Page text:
Opinion: Commissioners make right call with Martis Valley West | SierraSun.com

Opinion: Commissioners make right call with Martis Valley West

Those people who hung in through the end of the July 7 Placer County Planning Commission meeting were richly rewarded when the Martis Valley West project was recommended for denial with a vote of 5-2.

Due to public outreach by Mountain Area Preservation, League to Save Lake Tahoe, North Tahoe Preservation Alliance, Sierra Watch, Friends of the West Shore, and Tahoe Area Sierra Club (all of whom had members in attendance who spoke against the project), about 350 members of the public attended.

Because no public comment was scheduled (although later that was changed), many attendees held signs saying “DENY Martis Valley West” on one side and “Listen to the People” on the other.

Listen to the people they did. The meeting, a continuation of a meeting at Granlibakken last month on the same topic, was scheduled so the commissioners could hear more information about some of the project’s most serious impacts: traffic and fire evacuation.

With the area already over capacity (did you drive anywhere over the July 4th weekend?!), adding thousands of new cars would almost surely result in injuries or deaths in the event of an emergency requiring evacuation of Basin residents.

This fact was pointed out by many of the people and groups who commented, as well as representatives of the California Highway Patrol and the North Tahoe Fire Protection District.

It’s also worth noting that for projects that would result in severe environmental impacts, Placer County is required to submit a Statement of Overriding Considerations.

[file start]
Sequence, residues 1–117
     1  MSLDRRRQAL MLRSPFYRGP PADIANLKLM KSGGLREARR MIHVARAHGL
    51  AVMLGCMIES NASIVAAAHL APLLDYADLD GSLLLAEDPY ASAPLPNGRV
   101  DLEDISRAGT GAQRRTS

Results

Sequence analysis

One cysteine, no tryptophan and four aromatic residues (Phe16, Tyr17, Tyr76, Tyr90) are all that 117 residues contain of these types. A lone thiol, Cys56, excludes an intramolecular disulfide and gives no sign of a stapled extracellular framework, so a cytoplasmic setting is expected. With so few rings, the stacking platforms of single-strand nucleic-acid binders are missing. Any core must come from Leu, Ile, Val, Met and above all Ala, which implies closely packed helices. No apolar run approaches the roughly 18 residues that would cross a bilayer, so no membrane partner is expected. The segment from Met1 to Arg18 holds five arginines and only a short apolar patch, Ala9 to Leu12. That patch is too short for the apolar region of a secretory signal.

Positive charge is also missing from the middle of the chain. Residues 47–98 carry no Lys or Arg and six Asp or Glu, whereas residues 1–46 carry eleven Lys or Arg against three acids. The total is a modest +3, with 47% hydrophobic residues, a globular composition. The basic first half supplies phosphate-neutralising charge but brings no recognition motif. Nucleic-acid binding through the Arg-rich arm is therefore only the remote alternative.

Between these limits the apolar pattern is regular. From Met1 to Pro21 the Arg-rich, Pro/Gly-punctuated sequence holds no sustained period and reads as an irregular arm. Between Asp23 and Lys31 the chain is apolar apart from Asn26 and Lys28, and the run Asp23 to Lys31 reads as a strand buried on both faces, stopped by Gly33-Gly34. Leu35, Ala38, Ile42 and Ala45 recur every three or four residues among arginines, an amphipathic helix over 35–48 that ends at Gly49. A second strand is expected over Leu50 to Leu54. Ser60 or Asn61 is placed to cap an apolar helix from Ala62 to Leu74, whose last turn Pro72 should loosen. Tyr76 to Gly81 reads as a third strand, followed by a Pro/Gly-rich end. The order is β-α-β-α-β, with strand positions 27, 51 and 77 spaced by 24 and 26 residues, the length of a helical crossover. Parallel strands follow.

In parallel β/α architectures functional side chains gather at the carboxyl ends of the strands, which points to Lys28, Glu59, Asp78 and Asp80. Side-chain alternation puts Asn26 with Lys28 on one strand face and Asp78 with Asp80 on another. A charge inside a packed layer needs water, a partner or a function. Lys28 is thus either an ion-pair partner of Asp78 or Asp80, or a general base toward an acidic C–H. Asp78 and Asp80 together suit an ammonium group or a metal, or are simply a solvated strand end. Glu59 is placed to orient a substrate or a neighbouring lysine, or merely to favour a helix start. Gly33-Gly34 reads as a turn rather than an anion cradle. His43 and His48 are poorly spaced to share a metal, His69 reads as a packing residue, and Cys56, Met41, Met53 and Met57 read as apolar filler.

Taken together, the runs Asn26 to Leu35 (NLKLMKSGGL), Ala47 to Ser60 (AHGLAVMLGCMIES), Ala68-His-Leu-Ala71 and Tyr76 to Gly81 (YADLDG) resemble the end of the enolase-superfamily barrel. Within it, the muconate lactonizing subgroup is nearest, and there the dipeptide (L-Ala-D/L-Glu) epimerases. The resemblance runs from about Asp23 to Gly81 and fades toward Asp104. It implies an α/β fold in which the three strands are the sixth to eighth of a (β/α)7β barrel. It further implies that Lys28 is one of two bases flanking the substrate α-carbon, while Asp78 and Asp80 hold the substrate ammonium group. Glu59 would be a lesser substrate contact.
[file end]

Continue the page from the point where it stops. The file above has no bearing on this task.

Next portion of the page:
According to the California Environmental Quality Act (CEQA), by which Placer County is bound, a Statement of Overriding Considerations is “a statement of the lead agency’s views on the ultimate balancing of the merits of approving a project despite its environmental damage.”

This means something where the benefit to the public would outweigh the deleterious environmental impacts that would be caused by the project. During the meeting, Commissioner Mickey Gray asked his fellow Commissioners what that overriding consideration might be. No one could supply an answer.

Clearly, the “overriding consideration” is money —­ and lots of it. Using a very conservative estimate of $800 per square foot for the finished luxury homes, the bottom line is $1.8 billion (760 homes at 3,000 square feet). Even after considering Realtors’ commissions, county fees, and construction costs, the developer and land-owner, Mountainside Partners and Sierra Pacific Industries, stand to make a billion dollars or more.

Wishful thinking and deep pockets do not make severe environmental impacts magically disappear. The principled stand taken by the Planning Commission is the first step in what, I’m hopeful, is a new era of responsible environmental stewardship —­ rather than wholesale exploitation — of the lake and its surrounding areas.

Coral Amende is an Incline Village resident.

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